You’ll need to prep the night before you want to play the game. I cut an old soy milk carton in half, and cleaned it out. Fill with water, then add a few plastic toys. Toy farm animals were perfect! Place in the freezer until completely solid.

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The next day I presented the little cube of ice to Veronika. She touched it immediately, then withdrew her hand, quite surprised. It was cold!

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I removed the outer carton layer, and posed the question to her of how we could free piggy and the other animals. Big brother immediately swooped in and wanted in on the action.

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We tried pouring warm water over the ice first. Veronika loved the cup, and wanted to be a part of every pour!

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This made the game great for action words (pour, tip), and great for talking about what was happening. I asked Veronika about how the temperature of the water was changing, from warm to cold once the ice touched it, to warmer again when we poured more from the cup.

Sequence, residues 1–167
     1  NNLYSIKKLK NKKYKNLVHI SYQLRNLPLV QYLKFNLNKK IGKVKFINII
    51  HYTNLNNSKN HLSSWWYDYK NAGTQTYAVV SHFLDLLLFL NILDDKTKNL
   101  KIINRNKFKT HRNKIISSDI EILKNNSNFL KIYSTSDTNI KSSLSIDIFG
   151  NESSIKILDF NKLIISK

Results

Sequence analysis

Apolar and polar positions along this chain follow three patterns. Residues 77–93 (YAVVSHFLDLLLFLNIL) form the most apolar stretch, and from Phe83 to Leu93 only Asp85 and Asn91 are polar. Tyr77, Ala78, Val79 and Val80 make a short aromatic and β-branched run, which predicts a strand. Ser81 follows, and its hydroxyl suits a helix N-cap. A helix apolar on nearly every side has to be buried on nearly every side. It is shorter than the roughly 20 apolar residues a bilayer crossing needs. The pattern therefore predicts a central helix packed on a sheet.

Travis wanted to try a little chisel, too, but we decided we liked the warm water method better.

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Finally, the animals were free!

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Honestly by that point Veronika was more into the tools we had used than the animals themselves, but she was busy and happy, which meant mama was too.

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We took the final chunk of ice up to bath time to watch it dissolve – good fun!

Musical Nursery Rhyme Dance Party

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We’re filling a snow day today, which made it the perfect day to set aside some quality time for musical play.

Of course you can always just grab an instrument and play, and in that vein, I laid out every instrument we had at home.